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Sex offender's ex-wife calls for life terms

ST. PAUL - Amy Blom sat at the witness table, head bowed, quietly supporting life sentences for the most dangerous sex offenders. "The emotional pain I have suffered is a life sentence," she told the Minnesota House Public Safety Committee, so se...

ST. PAUL - Amy Blom sat at the witness table, head bowed, quietly supporting life sentences for the most dangerous sex offenders.

"The emotional pain I have suffered is a life sentence," she told the Minnesota House Public Safety Committee, so sex offenders should face the same fate.

Blom is the former wife of Donald Blom, convicted in one of the state's most celebrated murder cases. He is serving a life prison sentence in the 1999 death of Moose Lake convenience store clerk Katie Poirier.

Amy Blom told the committee that her husband abused her throughout their marriage. She said he had five sex convictions before killing Poirier.

Sex offenders don't quit offending, she said, they just get better at avoiding being caught.

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House and Senate committees Thursday considered their own bills handing sex offenders tougher sentences, but approaches differ.

"Our bill is safe," Rep. Kurt Zellers said about the measure he sponsors. "Their (senators') bill is sorry. I'd rather be safe than sorry."

The Zellers' bill, like a proposal by Gov. Tim Pawlenty, mandates life sentences without chance of release for the most violent sex offenders and doubles current sentences for others. Some sex offenders could be released by a parole board.

The Senate bill, authored by Sen. Jane Ranum, DFL-Minneapolis, allows a parole board to release any sex offender, although only after he meets strict requirements.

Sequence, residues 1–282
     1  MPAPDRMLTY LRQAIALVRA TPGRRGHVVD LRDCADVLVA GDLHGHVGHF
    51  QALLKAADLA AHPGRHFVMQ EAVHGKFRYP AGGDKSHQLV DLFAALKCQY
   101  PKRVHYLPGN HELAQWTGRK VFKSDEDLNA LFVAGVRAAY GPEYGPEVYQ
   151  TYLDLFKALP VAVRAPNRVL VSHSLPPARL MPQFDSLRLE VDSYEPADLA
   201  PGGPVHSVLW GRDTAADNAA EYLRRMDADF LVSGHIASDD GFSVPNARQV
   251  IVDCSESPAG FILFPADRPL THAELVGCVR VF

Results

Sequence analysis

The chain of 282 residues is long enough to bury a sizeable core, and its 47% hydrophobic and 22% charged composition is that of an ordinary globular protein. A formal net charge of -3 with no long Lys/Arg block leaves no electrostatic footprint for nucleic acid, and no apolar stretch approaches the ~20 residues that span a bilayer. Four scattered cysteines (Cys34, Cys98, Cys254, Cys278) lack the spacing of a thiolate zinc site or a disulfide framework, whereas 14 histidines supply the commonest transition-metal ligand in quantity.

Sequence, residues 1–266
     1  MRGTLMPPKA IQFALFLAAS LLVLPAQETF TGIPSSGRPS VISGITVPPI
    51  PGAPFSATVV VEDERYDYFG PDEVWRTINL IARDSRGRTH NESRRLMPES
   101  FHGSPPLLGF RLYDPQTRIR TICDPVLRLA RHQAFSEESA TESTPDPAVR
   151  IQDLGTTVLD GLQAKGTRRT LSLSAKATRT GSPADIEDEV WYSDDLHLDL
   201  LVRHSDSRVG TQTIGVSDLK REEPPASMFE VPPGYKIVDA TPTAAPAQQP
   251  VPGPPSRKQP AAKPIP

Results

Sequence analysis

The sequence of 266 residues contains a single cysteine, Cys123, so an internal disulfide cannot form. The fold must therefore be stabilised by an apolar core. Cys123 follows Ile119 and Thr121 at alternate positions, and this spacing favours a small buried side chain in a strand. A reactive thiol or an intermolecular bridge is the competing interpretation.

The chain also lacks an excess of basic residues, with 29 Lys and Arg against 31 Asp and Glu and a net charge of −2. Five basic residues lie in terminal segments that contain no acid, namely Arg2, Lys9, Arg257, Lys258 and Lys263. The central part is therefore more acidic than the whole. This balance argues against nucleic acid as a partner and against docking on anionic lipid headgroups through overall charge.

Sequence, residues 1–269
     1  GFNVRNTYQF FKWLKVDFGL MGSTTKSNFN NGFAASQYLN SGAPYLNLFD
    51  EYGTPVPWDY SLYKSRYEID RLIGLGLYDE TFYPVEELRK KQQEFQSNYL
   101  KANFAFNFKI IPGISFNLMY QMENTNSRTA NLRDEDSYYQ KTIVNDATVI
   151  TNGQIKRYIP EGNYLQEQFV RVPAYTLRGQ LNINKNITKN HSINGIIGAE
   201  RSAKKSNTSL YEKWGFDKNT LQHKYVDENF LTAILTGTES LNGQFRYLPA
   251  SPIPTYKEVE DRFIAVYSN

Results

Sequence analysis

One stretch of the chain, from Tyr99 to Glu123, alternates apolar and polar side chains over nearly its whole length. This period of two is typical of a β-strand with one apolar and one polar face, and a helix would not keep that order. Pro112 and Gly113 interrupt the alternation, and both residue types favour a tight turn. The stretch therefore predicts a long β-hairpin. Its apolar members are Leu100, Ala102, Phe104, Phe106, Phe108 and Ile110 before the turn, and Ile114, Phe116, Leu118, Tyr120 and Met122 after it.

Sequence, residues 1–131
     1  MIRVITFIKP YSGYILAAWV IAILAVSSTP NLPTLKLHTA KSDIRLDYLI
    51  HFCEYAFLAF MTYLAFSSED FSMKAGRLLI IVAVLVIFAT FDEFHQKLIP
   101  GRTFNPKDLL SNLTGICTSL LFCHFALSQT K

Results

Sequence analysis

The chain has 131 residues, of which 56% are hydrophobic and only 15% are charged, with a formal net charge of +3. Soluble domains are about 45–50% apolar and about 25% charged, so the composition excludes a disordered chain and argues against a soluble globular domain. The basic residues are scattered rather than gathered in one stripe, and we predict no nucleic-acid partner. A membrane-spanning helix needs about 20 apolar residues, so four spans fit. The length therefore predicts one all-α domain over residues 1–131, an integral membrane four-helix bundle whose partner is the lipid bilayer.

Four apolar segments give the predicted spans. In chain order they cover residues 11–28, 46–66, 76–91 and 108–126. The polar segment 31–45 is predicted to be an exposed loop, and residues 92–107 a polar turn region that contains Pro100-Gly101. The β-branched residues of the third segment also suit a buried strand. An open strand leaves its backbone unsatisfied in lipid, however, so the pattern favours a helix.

State officials estimate that the Zellers-Pawlenty bill would require up to 7,500 new prison beds in the next 50 years because it would put many more offenders behind bars. The Senate bill would need 1,200 more beds.

Zellers said a parole board could keep dangerous inmates in prison up to life if an inmate does not complete sex offender treatment or otherwise the board does not feel he is ready to be released.

"I would have loved to have had that opportunity when Alfonzo Rodriquez was released," said Zellers, who like Dru Sjodin attended the University of North Dakota.

Rodriquez was released from a Minnesota prison after finishing his sentence in 2003 and a few months later was arrested in Sjodin's kidnapping and death. He pleaded innocent and awaits a federal trial.

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The Senate Crime and Public Safety Committee Thursday rejected a Republican effort to turn Ranum's bill into one more like the Zellers measure, with some required life sentences, by 5-3 margin.

The House committee will further consider its bill, while the Senate measure advanced to the Finance Committee.

Readers can reach Forum reporter Don Davis at (651) 290-0707

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